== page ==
Big K.R.I.T. is going places. Meridian, Mississippi’s hometown hero (Oct. 2 is literally “Big K.R.I.T. Day” in the city) has gone from a struggling artist with no recognition in the game, to a 2011 XXL freshman, to — a few years later with numerous projects to his name — an established artist, from the south and proud of it, hydroplaning in his own lane.

Big K.R.I.T.

Sunday, October 12
Blind Pig

But where did this all come from — his thoughts, his passions, his pursuits, his pain? It turns out that Young Krizzle’s discography is more strategic than one might think; K.R.I.T. has been telling his story backwards. For example, remember the Cadillac that mysteriously crash-landed on Earth on the cover of his debut album, Live From the Underground? With this upcoming album, he delves into the depths of his mind and brings us to the beginning of it all, letting us know where everything, including the Eldorado on LFTU, came from — a planet he likes to call Cadillactica.

“A Cadillac has always been known as classy, smooth, clean, you know what I’m saying? You don’t really have to do too much to it — that whole vibe,” said K.R.I.T. in an interview with The Michigan Daily, “I just wanted to have that kind of vibe with my music. It turned into more than that, I ended up creating a planet … and if I had to name a planet, on some fly shit, why not Cadillactica?”

Cadillactica is special to Krizzle; it’s the embodiment of his subconscious. Within his subconscious, the musings of this Meridian mastermind have matured. He’s pondering the purpose of life, making sure he’s on track to accomplish all that he is supposed to. When asked about what’s different this time around, K.R.I.T. immediately responded with, “growth … the confidence in my music now.”

The album’s second single, “Pay Attention,” features a different kind of grown-and-sexy sound that exemplifies his growth. But K.R.I.T. reworked his approach completely, not just in terms of singles.

The vast majority of K.R.I.T.’s projects are not only self-written, but also self-composed. He prides himself on his production, hook creation, the ability to make music that is all K.R.I.T. from start to finish. With Cadillactica, Krizzle is relinquishing some of that creative control. “Pay Attention,” for example, is the work of Jim Jonsin. While this may initially seem like a step backwards, for K.R.I.T., it’s a sign of progression.

“Sometimes you can get so used to one environment that nothing inspires you in that environment,” explains K.R.I.T., who is used to producing alone in his home. “But I started traveling…shaking up my comfort zone…working with other people and musicians.” On top of that, Cadillactica will only feature three samples, a record low for K.R.I.T., but this too is a sign of progression.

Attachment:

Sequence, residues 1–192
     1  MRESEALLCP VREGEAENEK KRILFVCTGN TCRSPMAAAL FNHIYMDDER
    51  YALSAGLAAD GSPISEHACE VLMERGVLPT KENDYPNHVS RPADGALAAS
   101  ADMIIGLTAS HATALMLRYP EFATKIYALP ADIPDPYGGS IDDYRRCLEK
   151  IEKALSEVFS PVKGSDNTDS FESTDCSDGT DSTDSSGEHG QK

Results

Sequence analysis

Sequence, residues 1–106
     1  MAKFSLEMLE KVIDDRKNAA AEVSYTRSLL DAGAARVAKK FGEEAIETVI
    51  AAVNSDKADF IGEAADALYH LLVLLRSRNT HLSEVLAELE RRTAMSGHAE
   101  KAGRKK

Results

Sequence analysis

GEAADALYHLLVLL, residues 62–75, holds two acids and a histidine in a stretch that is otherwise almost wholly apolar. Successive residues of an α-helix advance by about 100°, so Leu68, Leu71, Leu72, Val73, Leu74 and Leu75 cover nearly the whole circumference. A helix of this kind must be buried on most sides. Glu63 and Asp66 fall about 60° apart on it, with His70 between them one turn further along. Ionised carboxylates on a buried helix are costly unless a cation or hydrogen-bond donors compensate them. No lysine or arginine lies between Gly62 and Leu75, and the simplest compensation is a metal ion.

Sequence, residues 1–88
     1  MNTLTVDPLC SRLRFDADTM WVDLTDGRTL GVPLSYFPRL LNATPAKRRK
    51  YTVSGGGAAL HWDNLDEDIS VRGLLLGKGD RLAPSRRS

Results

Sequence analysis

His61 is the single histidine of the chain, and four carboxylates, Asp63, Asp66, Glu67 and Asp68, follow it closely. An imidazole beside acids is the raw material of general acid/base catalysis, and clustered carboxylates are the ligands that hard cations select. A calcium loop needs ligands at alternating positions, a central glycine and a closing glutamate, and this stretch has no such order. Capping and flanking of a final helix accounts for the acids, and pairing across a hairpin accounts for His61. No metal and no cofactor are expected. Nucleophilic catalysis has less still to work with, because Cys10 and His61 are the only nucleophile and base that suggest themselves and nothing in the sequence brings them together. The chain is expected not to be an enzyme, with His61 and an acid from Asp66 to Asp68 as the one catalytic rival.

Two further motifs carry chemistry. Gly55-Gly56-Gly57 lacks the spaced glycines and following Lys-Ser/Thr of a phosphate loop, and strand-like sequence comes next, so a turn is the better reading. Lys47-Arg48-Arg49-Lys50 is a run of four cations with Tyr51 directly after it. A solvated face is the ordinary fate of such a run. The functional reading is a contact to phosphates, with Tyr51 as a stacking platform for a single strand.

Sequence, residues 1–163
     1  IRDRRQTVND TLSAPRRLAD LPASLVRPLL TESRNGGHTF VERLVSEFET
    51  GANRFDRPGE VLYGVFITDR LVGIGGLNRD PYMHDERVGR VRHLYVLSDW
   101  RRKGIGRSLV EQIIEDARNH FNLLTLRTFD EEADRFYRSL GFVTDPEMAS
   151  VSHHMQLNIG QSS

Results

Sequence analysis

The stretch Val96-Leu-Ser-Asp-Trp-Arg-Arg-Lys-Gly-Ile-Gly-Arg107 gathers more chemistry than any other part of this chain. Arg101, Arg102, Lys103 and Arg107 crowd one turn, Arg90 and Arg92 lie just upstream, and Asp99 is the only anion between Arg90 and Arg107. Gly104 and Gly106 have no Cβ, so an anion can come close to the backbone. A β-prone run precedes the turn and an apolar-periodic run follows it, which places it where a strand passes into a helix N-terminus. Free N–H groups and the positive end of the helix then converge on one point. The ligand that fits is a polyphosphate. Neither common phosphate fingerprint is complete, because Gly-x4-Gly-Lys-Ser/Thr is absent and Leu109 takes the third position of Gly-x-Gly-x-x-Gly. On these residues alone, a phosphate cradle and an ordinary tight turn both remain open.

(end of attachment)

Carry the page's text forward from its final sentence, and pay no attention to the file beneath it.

“When you sample, you’re almost at the whim of the person you sample. They put their all into this song and you can only do so much to it. When you hum something out or give somebody the idea … now you’re doing it in your own catalog,” he explained.

“Instead of using a sample, I can create music that people would wanna sample … that you can’t tell if it’s a sample or not … The next step is creating music where you can’t really put me into a box or genre … (this will) open me up to work with so many different artists.”

The change in his approach to composition is clear in his explanations and will surely be evident on Cadillactica, but there are some things that haven’t changed with the “third-coast-representer.” He’s still the same raw cat willing and able to make meaningful music like Return of 4Eva’s “The Vent,” which he revealed he wrote after his grandma passed away.

“Music is my therapy too. I understand what it means to a person when you put on a song … after a long day … that helps uplift you,” said Krizzle. “I don’t mind putting my real life out there. I’m being myself, not a superhero.”

It has been a long haul for K.R.I.T, who started rapping in ’99, but wasn’t signed until 2010.

Maintaining a motivated mentality has been vital for K.R.I.T, who is now at a place where he knows exactly what he wants to do. But most of us, especially college students, aren’t there yet. K.R.I.T. offered some advice to those hoping to reach that mentality, one that seems to be guaranteeing that Cadillactica will only further solidify his spot in the game and set the bar even higher, as high as Mt. Olympus.

“You definitely wanna say a prayer,” K.R.I.T. began. “When you’re trying to achieve something, there’s always gonna be a sign that keeps pointing you in that direction. Be silent and quiet, but look at your surroundings and try to go that direction.” He warned, though, that “it’s not gonna be overnight, especially if it’s worth it.”

“The reason it takes so long is because you wanna make sure you’re 100 percent comfortable in your skin when you do go follow your dreams… When you do get the opportunity, you need that confidence,” said K.R.I.T.

“Once school is over and there’s no more excuses at all, you’re gonna need all that strength. It’s ultimately what’s gonna push you through life when your parents are no longer there for you, when your friends move away and when you’re in a different city you’ve never been in before.”

K.R.I.T. told us in 2010 that soon, we would see him on top. This Sunday, Oct. 12, you can see him yourself at The Blind Pig. He’ll be performing a mix of old and new content, premiering pieces of Cadillactica right here on planet Earth in Ann Arbor. Cadillactica, the album, will be released this fall, on Nov. 11.

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